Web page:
BETA

She focuses on serving others, not pitying self

Betty Leazenby chooses to spend her time blessing the lives of others rather than focusing on her own problems. Her small apartment here is colorful proof of her talent and willingness to share what she has. Homemade dolls, clowns, stuffed animals and other handicraft items are lined up on her couch awaiting their anonymous presentation to excited children.

Sister Leazenby has always loved to crochet and sew, having learned her skills from her mother and grandmother. She worked at a hospital for 28 years and found that her handwork helped calm her after the stressful tasks. She also made items for many years for craft fairs, selling jewelry on the side.Changes in her life gave her more free time. A back injury from a fall, with subsequent complications of infection and degenerative arthritis, forces Sister Leazenby to spend much of her time in a wheelchair. She has several other life-threatening health problems: congenital heart failure, diabetes and a tumor.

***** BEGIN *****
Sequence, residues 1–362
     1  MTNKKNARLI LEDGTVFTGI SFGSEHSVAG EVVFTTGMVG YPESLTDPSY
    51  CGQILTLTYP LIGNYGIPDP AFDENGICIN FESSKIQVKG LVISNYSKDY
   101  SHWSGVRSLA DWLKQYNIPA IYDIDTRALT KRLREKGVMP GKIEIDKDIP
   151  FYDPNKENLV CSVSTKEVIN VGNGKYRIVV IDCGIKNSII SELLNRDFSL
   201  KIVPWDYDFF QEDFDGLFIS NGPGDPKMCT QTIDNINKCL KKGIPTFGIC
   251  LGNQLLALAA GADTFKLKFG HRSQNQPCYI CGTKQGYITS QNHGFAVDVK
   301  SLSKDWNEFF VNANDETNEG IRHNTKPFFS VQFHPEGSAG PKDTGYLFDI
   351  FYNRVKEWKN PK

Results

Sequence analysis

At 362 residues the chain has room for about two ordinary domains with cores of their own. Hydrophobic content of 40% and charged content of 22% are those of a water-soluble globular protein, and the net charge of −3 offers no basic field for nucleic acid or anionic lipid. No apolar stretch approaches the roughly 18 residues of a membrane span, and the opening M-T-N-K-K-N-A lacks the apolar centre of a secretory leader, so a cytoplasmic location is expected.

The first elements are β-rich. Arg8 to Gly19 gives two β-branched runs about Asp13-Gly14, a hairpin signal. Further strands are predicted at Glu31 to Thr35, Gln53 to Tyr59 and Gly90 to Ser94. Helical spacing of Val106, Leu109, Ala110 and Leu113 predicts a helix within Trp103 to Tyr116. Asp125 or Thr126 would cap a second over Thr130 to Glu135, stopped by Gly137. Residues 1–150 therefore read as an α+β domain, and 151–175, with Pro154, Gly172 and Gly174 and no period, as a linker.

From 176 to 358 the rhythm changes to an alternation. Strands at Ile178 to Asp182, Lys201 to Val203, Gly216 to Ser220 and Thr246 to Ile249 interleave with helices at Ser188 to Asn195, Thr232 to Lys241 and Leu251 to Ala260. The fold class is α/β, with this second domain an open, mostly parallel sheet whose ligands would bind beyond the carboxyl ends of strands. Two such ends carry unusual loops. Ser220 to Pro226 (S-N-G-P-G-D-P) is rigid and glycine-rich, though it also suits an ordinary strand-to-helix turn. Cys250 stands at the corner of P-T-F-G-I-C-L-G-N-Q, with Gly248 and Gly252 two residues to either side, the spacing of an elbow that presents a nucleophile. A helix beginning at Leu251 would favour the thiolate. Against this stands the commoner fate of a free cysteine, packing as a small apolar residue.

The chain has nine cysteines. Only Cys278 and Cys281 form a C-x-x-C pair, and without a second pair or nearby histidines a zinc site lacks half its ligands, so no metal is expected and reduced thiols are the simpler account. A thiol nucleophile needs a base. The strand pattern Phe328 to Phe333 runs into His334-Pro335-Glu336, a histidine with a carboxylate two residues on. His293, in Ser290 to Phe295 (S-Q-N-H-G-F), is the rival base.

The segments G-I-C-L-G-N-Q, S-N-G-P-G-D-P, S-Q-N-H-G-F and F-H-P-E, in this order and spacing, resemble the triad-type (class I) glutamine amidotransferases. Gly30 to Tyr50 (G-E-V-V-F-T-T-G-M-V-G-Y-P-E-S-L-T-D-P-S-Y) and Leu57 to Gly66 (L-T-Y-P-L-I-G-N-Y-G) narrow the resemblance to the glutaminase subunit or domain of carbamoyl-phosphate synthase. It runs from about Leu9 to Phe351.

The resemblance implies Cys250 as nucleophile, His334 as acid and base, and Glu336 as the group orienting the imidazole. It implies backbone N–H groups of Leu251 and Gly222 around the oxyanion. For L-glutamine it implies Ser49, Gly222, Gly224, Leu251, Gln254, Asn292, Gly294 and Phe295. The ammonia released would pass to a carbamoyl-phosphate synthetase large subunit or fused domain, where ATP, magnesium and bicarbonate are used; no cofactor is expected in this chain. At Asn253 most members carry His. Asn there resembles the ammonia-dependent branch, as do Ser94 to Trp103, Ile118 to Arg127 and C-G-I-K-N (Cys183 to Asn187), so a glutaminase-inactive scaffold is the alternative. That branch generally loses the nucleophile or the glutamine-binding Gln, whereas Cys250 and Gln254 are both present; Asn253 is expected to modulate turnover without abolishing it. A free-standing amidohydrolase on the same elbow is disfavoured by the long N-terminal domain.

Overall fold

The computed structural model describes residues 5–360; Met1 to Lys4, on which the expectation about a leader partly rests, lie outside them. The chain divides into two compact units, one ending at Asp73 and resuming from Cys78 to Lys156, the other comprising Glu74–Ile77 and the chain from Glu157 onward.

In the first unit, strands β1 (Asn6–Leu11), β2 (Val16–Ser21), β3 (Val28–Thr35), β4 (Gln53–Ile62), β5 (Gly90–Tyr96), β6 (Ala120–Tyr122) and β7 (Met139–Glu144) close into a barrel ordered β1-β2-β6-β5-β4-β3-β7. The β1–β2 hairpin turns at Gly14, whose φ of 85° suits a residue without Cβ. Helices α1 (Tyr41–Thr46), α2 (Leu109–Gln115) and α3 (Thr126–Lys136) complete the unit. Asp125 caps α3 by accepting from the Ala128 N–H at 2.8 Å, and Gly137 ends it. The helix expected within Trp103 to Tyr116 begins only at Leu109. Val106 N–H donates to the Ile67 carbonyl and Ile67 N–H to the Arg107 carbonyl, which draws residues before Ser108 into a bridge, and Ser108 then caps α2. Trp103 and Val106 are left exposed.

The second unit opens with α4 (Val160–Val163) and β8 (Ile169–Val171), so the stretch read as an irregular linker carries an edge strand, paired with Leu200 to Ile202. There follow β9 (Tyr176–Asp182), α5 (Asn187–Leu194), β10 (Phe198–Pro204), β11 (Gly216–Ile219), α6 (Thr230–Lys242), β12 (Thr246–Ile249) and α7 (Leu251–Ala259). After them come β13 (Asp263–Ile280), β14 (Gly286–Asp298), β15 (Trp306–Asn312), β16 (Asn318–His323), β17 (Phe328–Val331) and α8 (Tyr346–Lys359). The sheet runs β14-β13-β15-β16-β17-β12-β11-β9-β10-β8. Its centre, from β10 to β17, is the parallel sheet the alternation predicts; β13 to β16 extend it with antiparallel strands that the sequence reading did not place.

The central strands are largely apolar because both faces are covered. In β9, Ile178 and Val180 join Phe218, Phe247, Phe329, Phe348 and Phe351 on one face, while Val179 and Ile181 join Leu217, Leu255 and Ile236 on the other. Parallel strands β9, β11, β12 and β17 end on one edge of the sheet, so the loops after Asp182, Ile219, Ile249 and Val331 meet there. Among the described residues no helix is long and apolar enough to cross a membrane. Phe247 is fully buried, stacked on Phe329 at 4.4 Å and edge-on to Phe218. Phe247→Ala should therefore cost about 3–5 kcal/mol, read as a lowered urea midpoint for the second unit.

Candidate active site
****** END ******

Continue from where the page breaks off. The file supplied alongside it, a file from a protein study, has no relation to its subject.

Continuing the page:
She lives in an apartment building with other residents with disabilities. "They think I am a little crazy to do this [handwork to give to others] but I find it very rewarding," she said.

Friends and family help Sister Leazenby secure fabrics, thread, batting and other materials for her projects. She seldom uses patterns, but looks at patterns and craft books, then designs her own projects. The result: embroidered dolls, each with its own personality; clowns; elephants; bears; even a pelican with fish in its beak.

Sister Leazenby gives the items to the bishop of her Kanesville Ward for distribution. The bishop later tells her of the children's expressions of excitement upon receiving the gifts.

"I really enjoy hearing about their reaction," she said.

Betty's three children and nine grandchildren live in the area and also benefit from her love and talents.

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